The formation of the Southeastern Conference in 1932 coincided with the rise of additional bowl games during the 1930s, including Miami’s Festival of Palms Bowl (later renamed the Orange Bowl), the Sugar Bowl in New Orleans, the Sun Bowl in El Paso, and the Cotton Bowl Classic in Dallas. The SEC fielded its first bowl teams on New Year’s Day 1935. Alabama defeated Stanford in the Rose Bowl 29-13, while Tulane defeated a previously unbeaten Temple team in the inaugural Sugar Bowl 20-14 (which was played at Tulane Stadium).

Tulane’s victory marked the beginning of the SEC’s long affiliation with the Sugar Bowl, although no conference member would win the game again until 1943, when Tennessee defeated Tulsa. The last time no SEC team participated in the Sugar Bowl was 2000, when Virginia Tech played Florida State for the BCS championship. Under the current BCS rules, the winner of the SEC Championship Game automatically qualifies for the Sugar Bowl unless, as has been the case the past five years, that team qualifies for the BCS National Championship Game. When that happens, the Sugar Bowl may select any other eligible BCS team as a replacement. In practice, the Sugar Bowl has always chosen the next-best available SEC team.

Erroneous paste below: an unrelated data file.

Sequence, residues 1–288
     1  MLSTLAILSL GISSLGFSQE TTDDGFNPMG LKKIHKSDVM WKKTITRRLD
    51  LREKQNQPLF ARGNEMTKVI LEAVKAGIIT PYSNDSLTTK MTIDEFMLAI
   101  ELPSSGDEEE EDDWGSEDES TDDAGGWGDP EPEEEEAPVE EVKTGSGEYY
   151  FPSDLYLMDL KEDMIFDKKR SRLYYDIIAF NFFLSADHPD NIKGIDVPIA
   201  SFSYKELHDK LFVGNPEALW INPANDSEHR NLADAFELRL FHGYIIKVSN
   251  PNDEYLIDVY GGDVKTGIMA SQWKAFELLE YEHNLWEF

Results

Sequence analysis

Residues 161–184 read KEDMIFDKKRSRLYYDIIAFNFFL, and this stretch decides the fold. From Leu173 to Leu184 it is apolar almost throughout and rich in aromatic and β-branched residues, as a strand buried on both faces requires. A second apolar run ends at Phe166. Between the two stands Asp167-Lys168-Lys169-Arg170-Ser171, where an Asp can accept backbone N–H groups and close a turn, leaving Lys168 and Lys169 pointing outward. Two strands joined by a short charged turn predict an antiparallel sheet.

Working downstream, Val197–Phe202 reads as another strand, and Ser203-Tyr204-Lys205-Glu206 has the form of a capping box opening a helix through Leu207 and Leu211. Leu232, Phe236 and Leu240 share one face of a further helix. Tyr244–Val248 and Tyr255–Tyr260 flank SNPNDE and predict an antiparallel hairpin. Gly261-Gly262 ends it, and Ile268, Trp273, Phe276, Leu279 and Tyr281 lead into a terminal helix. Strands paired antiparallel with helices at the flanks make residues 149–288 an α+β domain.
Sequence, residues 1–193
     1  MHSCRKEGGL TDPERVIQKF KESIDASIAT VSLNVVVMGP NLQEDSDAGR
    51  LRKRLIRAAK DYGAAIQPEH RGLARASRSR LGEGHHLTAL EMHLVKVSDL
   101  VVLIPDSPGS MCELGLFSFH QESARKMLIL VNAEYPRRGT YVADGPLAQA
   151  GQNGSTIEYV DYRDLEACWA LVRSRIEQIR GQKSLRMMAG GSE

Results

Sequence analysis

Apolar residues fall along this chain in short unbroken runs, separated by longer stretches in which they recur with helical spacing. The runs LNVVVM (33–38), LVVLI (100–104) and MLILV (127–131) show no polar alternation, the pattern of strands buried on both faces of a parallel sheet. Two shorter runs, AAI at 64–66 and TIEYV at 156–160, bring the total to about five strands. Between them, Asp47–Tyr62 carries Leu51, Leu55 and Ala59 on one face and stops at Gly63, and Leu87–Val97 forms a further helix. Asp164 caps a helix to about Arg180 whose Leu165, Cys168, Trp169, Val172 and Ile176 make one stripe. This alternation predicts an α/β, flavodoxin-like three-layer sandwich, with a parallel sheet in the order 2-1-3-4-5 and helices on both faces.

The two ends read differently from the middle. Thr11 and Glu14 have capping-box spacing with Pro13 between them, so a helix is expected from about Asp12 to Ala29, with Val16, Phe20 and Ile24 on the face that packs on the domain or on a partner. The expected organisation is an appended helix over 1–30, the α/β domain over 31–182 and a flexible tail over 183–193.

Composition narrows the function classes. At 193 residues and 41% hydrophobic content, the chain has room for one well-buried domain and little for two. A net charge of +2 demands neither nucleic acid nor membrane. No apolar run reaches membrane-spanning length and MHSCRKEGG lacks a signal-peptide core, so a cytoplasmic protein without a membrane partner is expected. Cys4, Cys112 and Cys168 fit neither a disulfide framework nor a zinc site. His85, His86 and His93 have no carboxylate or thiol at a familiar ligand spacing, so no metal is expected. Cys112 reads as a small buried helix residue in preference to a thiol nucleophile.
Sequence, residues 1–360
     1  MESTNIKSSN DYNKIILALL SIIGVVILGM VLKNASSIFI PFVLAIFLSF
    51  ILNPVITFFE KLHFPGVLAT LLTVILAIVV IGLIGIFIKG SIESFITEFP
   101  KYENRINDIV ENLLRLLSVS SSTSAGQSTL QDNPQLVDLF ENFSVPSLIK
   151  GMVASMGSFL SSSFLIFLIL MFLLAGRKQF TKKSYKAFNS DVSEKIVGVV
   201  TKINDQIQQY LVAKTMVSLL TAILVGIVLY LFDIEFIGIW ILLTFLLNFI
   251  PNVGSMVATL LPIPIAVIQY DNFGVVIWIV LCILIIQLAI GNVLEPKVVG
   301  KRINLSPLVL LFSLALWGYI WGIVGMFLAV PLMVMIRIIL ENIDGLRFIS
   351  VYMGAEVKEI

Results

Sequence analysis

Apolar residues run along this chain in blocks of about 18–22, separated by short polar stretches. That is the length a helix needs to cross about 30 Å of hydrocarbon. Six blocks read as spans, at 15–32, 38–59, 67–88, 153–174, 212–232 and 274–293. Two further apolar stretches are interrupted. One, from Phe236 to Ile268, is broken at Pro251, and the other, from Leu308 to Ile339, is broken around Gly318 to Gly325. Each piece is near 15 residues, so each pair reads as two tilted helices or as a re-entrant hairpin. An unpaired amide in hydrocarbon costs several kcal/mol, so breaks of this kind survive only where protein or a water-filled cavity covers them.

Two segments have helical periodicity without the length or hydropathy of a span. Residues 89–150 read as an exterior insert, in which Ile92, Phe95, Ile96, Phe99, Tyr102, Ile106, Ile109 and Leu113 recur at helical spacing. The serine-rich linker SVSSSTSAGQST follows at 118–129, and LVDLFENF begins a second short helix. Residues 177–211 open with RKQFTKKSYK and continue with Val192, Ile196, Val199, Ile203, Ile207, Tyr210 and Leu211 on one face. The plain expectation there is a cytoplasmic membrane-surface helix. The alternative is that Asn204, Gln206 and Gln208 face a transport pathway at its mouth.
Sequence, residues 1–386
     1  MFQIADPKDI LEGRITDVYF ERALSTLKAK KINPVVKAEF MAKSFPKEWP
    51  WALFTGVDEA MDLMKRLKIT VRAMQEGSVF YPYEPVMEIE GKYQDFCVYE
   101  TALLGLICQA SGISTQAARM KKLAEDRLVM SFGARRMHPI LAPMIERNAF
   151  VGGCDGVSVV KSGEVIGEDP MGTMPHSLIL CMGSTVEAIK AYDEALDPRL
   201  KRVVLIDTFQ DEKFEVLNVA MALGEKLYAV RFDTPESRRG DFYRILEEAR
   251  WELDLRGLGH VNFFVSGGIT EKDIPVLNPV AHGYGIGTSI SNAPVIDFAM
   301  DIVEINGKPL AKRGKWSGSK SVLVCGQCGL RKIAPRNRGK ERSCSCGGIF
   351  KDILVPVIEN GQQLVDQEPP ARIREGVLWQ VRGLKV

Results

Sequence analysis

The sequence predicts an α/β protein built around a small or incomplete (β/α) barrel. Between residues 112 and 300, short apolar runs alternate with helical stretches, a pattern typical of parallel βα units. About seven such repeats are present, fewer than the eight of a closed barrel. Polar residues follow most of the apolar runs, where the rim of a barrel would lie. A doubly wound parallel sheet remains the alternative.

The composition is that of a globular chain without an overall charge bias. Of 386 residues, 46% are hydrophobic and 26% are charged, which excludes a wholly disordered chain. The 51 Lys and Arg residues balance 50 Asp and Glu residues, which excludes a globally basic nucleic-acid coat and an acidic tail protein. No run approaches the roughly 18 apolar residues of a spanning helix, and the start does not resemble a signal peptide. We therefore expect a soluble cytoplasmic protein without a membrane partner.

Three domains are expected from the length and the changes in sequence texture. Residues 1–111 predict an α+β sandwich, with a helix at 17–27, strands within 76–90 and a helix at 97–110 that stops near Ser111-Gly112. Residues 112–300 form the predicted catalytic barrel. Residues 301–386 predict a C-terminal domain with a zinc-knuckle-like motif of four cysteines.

After the BCS and the Sugar Bowl, the Capital One Bowl has the next choice of SEC teams. This game was established in Orlando in 1947 as the Tangerine Bowl and originally featured smaller colleges from the South and the Ohio Valley Conference. The first SEC team to play in the bowl was Florida, which lost the December 1973 game to Miami of Ohio. In 1983, the name was changed to the Florida Citrus Bowl. Tennessee won that first Citrus Bowl 30-23 over Maryland. The SEC also inaugurated the second name change to the Capital One Bowl in 2003, when Auburn defeated Penn State 13-9.